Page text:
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Hilber Psychological Services

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Reducing Holiday Stress

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One of the best ways to continue living a balanced lifestyle is to reduce stress levels, especially during the holidays. Stress does not only ruin your holidays, but it's also bad for your health. Between shopping, baking, cleaning, and entertaining, we sometimes forget that the holidays are supposed to be a fun, relaxing time spent with family and friends. When stress reaches it's top peak, it can be hard to gather and regroup. Here are some practical tips to help you get through the holidays, stress free: 

1. Acknowledge your feelings- Just because it is holiday season, that does not mean you have to be jolly all the time. If you have lost a family member or are unable to be with loved ones this holiday, it is okay to feel sad and cry. Acknowledging how you are feeling and accepting it can make the hard times a little more bearable.

2. Reach out- If you are feeling lonely, reach out to your community. Volunteering is a great way to pass time while feeling better about yourself and broadening friendships amongst your community. 

3. Be realistic- As years go on and people grow older, it is hard to make holidays perfect and the same as last year. Although traditions are important, there is always room for change. If family members are unable to make it this year, reach out and celebrate in other was to continue the holiday festivities.  

4. Set aside differences-  Try to make the most out of the time you have to spend with people. Accept family and friends for who they are and pick a different time to talk about your problems. Remember that other people are suffering from holiday stress as well. 

5. Stick to a budget- Holidays are not about who spent the most money. Before you begin shopping,  decide on a realistic budget and stick to it. Use techniques such as homemade gifts or family gift exchanges to keep the cost low. 

6. Plan ahead- Set aside specific days for shopping, baking, and visiting friends. Plan out events first then make lists of what you need to avoid last minute scrambling. Reach out to friends and plan ahead for party prep and clean up. Through all the madness, don't forget to save time for yourself.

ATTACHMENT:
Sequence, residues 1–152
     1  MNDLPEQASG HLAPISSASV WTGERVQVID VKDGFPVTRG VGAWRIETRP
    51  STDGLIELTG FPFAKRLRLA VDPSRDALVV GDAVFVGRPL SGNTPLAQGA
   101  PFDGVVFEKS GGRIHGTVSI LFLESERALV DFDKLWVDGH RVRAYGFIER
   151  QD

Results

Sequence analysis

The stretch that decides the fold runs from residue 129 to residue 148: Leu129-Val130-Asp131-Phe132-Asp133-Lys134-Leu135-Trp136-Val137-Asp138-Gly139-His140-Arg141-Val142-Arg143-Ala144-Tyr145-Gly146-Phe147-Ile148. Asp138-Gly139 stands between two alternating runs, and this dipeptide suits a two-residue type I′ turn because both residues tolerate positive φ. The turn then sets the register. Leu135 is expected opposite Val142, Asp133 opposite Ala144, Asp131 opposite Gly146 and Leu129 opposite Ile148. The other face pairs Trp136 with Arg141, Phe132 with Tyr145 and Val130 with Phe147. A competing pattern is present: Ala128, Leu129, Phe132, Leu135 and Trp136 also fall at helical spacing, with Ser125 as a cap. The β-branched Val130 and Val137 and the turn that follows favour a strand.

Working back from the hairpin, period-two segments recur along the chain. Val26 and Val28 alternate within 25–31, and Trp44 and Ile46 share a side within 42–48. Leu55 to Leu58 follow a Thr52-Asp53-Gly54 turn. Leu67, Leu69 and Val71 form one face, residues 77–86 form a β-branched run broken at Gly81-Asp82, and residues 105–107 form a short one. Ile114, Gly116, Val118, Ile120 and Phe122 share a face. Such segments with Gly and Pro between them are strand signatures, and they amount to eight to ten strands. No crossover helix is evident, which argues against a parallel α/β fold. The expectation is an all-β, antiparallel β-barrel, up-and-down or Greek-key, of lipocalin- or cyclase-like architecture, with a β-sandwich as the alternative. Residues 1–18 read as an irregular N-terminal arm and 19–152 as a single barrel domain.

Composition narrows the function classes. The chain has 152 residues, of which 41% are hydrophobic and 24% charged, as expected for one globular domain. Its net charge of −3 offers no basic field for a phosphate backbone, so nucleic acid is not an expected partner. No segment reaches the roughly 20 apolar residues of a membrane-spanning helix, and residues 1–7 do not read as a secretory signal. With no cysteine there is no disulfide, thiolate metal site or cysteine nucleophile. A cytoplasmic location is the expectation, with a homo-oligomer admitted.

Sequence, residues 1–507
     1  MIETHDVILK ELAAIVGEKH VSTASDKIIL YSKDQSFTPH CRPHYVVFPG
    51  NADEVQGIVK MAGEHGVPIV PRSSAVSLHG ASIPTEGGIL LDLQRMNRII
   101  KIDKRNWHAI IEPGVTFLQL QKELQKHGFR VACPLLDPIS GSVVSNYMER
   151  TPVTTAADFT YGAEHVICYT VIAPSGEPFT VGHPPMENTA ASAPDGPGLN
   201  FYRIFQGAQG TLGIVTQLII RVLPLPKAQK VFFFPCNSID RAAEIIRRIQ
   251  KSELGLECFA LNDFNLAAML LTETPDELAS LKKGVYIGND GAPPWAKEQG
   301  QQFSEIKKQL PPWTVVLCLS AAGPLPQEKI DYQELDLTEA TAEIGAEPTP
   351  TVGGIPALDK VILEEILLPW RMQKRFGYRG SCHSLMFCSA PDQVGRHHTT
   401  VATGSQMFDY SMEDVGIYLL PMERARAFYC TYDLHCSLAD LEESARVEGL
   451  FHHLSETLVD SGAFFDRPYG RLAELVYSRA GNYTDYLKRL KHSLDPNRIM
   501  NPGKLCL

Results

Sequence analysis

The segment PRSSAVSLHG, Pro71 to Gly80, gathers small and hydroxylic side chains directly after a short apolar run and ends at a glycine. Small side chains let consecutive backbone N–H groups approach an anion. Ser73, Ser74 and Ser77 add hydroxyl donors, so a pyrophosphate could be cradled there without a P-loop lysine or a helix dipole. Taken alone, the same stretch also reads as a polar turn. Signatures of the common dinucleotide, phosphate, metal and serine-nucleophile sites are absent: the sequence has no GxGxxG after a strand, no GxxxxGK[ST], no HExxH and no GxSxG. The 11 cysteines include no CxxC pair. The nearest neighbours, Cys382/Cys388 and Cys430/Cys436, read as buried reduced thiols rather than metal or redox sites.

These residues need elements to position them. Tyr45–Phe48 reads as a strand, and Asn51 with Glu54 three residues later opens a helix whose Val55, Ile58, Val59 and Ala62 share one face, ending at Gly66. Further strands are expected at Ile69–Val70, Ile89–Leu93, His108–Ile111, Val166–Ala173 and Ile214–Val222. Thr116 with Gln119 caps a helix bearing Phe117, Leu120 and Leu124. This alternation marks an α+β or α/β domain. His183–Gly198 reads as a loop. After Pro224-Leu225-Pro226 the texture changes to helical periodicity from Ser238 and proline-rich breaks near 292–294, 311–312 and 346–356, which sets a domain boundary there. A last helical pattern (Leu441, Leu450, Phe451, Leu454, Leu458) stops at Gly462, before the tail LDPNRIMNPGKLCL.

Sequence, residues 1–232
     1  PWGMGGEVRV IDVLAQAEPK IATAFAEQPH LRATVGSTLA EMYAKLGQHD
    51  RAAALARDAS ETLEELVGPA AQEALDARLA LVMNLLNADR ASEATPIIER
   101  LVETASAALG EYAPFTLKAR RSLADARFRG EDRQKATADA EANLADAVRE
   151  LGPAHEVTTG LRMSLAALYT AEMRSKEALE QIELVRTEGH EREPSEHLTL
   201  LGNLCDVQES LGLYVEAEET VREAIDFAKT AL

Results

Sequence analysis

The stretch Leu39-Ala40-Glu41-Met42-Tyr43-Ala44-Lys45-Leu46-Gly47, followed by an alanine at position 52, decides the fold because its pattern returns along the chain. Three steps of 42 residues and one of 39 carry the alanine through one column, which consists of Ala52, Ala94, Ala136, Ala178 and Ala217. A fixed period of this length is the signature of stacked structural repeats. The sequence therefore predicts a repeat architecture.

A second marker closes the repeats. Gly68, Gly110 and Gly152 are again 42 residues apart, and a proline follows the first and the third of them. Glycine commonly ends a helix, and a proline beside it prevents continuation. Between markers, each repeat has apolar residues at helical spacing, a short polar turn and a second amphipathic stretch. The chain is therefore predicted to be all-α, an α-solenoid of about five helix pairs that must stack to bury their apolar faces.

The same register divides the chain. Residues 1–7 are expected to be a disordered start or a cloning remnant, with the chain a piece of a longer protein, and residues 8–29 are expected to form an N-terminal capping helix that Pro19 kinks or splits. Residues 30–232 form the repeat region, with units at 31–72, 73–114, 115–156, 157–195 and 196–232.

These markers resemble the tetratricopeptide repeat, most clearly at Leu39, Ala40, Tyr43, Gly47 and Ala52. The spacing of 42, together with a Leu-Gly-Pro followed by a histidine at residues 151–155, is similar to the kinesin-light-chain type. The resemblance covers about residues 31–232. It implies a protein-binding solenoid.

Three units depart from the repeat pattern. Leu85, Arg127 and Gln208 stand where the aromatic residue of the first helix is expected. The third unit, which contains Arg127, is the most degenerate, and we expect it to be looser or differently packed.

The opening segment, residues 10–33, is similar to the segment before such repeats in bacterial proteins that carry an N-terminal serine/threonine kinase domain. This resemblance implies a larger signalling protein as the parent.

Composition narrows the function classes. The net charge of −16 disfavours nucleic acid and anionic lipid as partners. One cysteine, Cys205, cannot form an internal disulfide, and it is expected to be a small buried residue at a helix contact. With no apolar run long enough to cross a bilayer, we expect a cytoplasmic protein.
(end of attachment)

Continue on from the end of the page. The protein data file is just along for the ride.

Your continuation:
7. Learn to say no- Saying yes to every event will only lead to more stress. Friends and family members will understand if you can't participate in everything. If you start to feel overwhelmed, prioritize and take something off of your list.  

8. Don't abandon healthy habits- Eating healthy, exercising, and appropriate amounts of sleeping are all still important even during the holidays. It's easy to get caught up in the sweets every now and then,  but don't forget to take care of yourself.   

9. Take a breather- Spending just 15 minutes alone without any distractions can make all the difference. Go for a walk, listen to music, or read a book are some healthy ways to distract yourself and help with self care.  

10. Seek professional help as needed-  Despite your best efforts, you may find yourself feeling persistently sad or anxious, plagued by physical complaints, unable to sleep, irritable and hopeless, and unable to face routine chores. If these feelings last for a while, talk to your doctor or a mental health professional. 

Effects of too much stress or chronic stress can exacerbate current problems or create more problems in life. The healthier your family is, the less difficult holidays are and the more enjoyable the holidays are. The more dysfunctional your family, the more important it is to have a survival plan. Use these tips to not only get through the holidays, but to get through everyday. 

If you have questions about stress and how it can affect you or your family's health or would like to schedule an appointment, please contact us. For more information on therapy, visit FAQ at Hilber Psychological Services

Written by Allison Parker and Tanya L. Hilber, PsyD

Reference: Mayo Clinic Staff. “Tips for Coping with Holiday Stress.” Mayo Clinic, Mayo Foundation for Medical Education and Research, 16 Sept. 2017.